2005 Salary Survey, Part 4: IT Attitudes
While salaries are rising, angst is also up.
Managers and professionals working in large system data centers feel more insecure about their jobs than their counterparts at more distributed sites. However, they're also more satisfied with the compensation they receive.
There is a remarkable degree of stability at IT sites, the survey finds. Close to three-quarters of respondents (72.5 percent) say they are in the same position as a year ago, while 16 percent report they were recently promoted. Another eight percent made a lateral move. The average length of time respondents have been employed in their current position is 6.4 years, and 8.5 years with their current employer.
There has been little change in satisfaction levels over the last four years with salaries. The percent reporting they are “extremely satisfied” (14 percent) has edged upward slightly since the first time this question was asked in 2001, indicating there are more parts of IT that are commanding higher premiums.
However, about a third of respondents remain, to some degree, dissatisfied with their compensation. When looking at salary satisfaction by job classification, distinctions emerge. For example, for IT staff members, all is not contentment—close to four out of ten IT staff members (38 percent) are unhappy with their current compensation levels. Satisfaction with compensation is somewhat higher at the executive and management level.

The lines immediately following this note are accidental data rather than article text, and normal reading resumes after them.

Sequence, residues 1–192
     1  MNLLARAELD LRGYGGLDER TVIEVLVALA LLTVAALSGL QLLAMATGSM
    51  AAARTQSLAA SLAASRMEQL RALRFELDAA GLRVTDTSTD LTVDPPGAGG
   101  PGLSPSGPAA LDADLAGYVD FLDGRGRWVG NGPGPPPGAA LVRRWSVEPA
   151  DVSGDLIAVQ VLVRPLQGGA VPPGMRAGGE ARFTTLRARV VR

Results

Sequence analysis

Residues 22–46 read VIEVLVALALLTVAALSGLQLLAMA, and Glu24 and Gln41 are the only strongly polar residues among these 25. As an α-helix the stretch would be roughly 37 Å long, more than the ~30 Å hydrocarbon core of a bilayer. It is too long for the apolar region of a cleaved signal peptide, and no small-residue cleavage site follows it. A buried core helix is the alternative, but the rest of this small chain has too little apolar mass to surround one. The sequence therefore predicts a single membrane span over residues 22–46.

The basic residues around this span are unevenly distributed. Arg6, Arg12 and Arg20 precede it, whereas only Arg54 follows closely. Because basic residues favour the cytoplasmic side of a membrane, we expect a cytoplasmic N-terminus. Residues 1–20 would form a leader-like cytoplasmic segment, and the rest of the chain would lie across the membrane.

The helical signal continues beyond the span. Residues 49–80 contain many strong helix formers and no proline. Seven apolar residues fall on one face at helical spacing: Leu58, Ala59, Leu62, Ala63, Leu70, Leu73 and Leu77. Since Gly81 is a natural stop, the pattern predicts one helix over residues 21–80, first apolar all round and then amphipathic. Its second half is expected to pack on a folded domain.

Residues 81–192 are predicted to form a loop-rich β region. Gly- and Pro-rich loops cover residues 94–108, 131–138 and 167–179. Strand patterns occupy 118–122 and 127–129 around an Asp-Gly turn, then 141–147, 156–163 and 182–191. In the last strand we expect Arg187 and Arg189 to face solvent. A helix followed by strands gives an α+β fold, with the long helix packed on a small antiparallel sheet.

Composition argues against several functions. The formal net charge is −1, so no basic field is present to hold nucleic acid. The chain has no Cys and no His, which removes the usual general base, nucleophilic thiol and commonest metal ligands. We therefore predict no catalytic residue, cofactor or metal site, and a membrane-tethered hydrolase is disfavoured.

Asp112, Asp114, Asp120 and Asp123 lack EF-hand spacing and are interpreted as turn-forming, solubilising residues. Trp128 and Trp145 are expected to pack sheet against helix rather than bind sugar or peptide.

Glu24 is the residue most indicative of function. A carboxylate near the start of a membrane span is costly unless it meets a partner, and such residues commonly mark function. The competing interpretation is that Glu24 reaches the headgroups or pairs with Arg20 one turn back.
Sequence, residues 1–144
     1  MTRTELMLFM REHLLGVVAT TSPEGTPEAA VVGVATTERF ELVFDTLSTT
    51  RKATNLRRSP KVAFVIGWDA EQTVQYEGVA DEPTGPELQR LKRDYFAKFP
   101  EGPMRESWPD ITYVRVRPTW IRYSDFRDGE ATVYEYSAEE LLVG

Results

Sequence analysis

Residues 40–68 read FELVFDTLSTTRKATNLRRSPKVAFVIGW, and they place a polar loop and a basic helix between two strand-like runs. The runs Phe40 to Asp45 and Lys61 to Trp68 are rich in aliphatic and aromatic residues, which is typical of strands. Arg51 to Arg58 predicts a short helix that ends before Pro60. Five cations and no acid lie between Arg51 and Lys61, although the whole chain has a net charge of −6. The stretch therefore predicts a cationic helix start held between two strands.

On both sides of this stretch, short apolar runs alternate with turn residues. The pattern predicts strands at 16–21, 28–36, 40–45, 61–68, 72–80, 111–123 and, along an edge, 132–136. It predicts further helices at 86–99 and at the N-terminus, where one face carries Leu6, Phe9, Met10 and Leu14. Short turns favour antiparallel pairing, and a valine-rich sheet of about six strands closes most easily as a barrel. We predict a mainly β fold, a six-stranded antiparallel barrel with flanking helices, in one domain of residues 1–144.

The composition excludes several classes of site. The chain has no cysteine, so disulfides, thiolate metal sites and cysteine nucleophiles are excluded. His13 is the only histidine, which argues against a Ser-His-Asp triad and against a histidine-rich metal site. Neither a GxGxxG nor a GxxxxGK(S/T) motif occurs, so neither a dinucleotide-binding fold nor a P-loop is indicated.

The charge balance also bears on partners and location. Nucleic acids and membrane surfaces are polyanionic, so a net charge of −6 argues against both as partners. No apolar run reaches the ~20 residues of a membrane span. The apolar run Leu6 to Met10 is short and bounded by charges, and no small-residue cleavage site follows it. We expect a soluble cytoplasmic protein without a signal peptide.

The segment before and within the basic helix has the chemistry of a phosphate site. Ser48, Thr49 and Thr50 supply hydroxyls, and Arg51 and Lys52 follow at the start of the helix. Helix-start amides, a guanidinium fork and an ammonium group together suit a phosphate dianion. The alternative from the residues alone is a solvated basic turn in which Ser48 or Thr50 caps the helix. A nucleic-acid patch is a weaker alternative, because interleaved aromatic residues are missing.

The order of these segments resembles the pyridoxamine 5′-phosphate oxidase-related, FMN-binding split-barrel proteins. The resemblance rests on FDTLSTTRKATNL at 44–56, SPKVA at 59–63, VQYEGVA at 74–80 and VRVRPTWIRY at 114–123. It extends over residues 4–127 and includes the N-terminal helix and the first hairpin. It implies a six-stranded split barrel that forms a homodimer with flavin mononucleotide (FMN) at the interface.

We break out salary and job satisfaction, examine job security, and opinions about the likelihood IT jobs will be outsourced in the final part of our survey.
The full Enterprise Systems 2005 Salary Survey is available as a compressed (ZIPped) Adobe Acrobat (PDF) file online (a short registration is required). To download your copy, visit http://www.esj.com/surveyResults.aspx